business news in context, analysis with attitude

Last week, MNB took note of a CNBC reports that Sears is testing a new retail idea - putting a “pint-sized Kmart convenience shop … inside a larger Sears store.”

I commented:

Really? A Kmart inside a Sears is seen as an advantage? Or even an improvement?

This isn’t a turducken. This is more like a small turd being found inside a big turd. And trust me, there’s no pony to be found.

MNB reader Alan Finta wrote:

“Turducken”…great analogy!  Wish I would have thought of it…it’s dead on…

On another subject, from an MNB reader:

It was great to see you recognize the life of Charles Krauthammer. A voice that will certainly be missed in the discussions of the life of our nation. His voice was one of civility, humor, sarcasm, and great intellect that he shared succinctly.

The final sentence he shared in the letter he wrote to all of us completes the quote you shared. Ironically, while posed as a statement and the completeness of his life, I'd like to believe it was leaving us all a question. It read; "I am sad to leave, but I leave with the knowledge that I lived the life that I intended”.

A question worth asking ourselves and maybe a good business question as well.

I highly recommend 'Things That Matter' if you haven't already read it. It is a treasure that he leaves us - a collection of his writing. Moreover, it is truly a journey through his life and his evolving thought shaped by events, knowledge, and wisdom, as well as, extraordinary observationalism.

And, yes to Charles, baseball mattered. It mattered to the extent that the Washington Nationals paused last night to recognize his life and devotion to the game.

Thanks for sharing his notable life ... 

And, from an MNB reader responding to last Friday’s OffBeat:

Great recap on the Paul Simon concert. I was there too.

I’ve been lucky enough to see him 5 times solo, and also saw him with Sting And saw him in the Old Friends tour with Art Garfunkel in 2005 (That was the favorite concert of my life.)

You nailed it when you mentioned how he lets his very talented band shine and have their moments. Very good “team” and I’m sure they feel very appreciated especially when he has tweaked the arrangements In many instances to make the song better and fresher.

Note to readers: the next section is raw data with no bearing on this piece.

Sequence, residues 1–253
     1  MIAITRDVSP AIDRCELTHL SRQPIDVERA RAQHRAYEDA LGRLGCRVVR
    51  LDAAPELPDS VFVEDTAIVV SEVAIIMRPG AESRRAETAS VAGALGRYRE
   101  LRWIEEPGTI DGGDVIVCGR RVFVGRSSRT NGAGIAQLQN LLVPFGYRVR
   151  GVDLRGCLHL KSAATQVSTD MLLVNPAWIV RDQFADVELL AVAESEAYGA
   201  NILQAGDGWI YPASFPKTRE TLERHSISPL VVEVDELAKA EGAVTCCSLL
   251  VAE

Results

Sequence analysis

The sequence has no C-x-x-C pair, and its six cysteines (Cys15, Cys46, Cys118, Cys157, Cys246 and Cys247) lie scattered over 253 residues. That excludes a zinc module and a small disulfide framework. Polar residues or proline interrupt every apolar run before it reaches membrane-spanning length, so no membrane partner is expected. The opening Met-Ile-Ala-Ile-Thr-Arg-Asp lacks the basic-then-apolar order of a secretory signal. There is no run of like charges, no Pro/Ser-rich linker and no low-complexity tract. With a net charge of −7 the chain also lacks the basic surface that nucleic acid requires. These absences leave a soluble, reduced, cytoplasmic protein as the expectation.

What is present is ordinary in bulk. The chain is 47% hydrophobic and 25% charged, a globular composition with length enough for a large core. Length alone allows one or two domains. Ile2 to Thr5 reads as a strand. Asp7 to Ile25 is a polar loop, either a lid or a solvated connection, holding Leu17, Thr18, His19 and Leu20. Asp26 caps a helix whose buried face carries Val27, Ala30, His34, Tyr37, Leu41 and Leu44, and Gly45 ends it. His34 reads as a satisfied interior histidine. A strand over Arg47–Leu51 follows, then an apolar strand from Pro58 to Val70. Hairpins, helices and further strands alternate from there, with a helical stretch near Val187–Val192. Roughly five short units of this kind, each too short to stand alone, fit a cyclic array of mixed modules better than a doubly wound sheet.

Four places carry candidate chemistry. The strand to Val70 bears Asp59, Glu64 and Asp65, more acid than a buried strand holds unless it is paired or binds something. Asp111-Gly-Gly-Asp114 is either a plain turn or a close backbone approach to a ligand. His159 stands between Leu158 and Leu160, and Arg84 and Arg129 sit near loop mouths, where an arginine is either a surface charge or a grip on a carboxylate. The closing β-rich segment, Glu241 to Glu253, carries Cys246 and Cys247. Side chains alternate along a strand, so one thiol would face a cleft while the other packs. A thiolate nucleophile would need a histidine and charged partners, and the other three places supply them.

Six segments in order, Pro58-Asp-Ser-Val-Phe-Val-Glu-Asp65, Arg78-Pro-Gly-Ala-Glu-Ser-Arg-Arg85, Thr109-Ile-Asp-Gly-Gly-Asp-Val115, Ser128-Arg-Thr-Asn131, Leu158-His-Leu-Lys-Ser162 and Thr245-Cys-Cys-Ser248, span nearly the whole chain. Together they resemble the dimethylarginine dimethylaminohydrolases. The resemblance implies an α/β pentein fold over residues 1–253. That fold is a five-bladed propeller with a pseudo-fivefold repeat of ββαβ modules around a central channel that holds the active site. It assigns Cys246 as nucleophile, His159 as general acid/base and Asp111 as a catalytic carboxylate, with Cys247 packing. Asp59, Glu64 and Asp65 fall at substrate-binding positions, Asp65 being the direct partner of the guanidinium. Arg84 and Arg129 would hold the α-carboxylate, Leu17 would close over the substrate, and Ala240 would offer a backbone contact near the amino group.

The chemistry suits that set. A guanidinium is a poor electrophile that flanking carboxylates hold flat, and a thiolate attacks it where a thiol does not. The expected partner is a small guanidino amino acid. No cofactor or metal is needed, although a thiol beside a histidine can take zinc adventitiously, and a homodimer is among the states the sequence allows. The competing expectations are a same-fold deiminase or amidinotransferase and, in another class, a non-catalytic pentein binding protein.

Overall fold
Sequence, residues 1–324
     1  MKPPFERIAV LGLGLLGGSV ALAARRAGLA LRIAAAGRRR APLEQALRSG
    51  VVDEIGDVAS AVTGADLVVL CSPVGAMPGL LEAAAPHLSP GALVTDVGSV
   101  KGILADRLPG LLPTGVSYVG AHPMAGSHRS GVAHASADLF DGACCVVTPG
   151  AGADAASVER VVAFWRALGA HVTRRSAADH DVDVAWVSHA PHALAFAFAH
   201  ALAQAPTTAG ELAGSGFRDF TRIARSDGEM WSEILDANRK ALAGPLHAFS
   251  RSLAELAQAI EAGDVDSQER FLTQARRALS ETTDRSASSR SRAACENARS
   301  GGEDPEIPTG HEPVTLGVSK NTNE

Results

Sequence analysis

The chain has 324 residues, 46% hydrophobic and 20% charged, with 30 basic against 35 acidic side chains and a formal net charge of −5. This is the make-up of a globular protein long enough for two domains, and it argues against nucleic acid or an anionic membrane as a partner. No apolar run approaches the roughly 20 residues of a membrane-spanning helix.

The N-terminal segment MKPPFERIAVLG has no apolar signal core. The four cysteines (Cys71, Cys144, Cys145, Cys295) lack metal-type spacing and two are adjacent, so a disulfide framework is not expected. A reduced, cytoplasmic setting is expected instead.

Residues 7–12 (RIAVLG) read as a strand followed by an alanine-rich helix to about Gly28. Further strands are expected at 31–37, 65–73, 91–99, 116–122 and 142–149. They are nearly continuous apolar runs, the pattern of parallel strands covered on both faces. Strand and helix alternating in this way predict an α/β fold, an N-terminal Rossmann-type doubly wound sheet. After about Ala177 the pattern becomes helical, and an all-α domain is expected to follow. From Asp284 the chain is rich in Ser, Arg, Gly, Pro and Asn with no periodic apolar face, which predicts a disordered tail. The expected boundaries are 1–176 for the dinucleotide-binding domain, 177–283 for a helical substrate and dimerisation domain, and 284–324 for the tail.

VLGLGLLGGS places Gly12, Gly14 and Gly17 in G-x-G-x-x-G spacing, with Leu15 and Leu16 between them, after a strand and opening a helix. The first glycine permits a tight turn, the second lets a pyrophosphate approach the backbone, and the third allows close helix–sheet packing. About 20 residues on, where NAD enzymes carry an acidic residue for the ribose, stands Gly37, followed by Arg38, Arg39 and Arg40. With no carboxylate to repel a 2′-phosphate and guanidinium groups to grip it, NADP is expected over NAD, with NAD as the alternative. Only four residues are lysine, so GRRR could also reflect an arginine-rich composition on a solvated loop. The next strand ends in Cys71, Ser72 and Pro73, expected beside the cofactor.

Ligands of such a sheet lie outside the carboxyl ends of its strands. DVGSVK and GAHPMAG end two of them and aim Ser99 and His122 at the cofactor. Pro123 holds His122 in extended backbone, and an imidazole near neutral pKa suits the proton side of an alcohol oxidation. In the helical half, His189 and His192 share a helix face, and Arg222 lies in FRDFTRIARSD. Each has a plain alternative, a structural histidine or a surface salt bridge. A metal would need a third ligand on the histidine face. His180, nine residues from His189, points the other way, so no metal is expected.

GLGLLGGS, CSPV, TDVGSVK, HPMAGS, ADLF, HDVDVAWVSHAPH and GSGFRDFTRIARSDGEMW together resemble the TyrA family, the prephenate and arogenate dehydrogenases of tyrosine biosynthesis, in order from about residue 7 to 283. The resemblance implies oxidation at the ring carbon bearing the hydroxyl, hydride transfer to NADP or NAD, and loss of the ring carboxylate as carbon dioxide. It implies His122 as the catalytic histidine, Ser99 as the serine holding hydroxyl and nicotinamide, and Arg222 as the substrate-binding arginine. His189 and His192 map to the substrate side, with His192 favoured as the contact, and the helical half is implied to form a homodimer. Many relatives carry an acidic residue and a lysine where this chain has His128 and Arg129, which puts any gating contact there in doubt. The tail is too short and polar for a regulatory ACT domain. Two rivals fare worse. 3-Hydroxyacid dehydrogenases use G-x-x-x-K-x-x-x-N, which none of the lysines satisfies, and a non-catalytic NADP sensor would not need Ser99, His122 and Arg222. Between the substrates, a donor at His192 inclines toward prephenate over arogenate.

It’s amazing that at the age of 76 he is still near the top of his game.

MNB reader Alison Petersen wrote:

Thanks for letting me re-live the Paul Simon experience through you, we saw him two weeks ago in Minneapolis.  He was a favorite of my Mom’s, and the Graceland album were the songs of my childhood, and still one of my favorite albums today. My husband and I got to go to the show with my brother and his wife, and though my Mom is no longer with us, I could hear her clapping along (off-beat) all night.  I had never seen him live before, but it was such a humbling experience to see how appreciative he is of everything he’s been able to do.  He had so much talent on that stage with him, I loved that the show was about the music, and not about the fanfare.  I felt like he was so ahead of his time in bringing so many different cultures into his music, it was really something to embrace.  Always good checking something off the bucket list!

Agreed. Mrs. Content Guy and I have been trying to see a number of performers are closer to the end of their concert careers than the beginning … folks like Paul McCartney, the Eagles, Billy Joel, James Taylor and Carole King. We’ve seen Bruce Springsteen, and in the fall we’ve got tickets for Elton John’s farewell tour.

By the way … if you’ve not seen the “Carpool Karaoke” segment with Paul McCartney, watch it now here. I can practically guarantee that it will make you happy.
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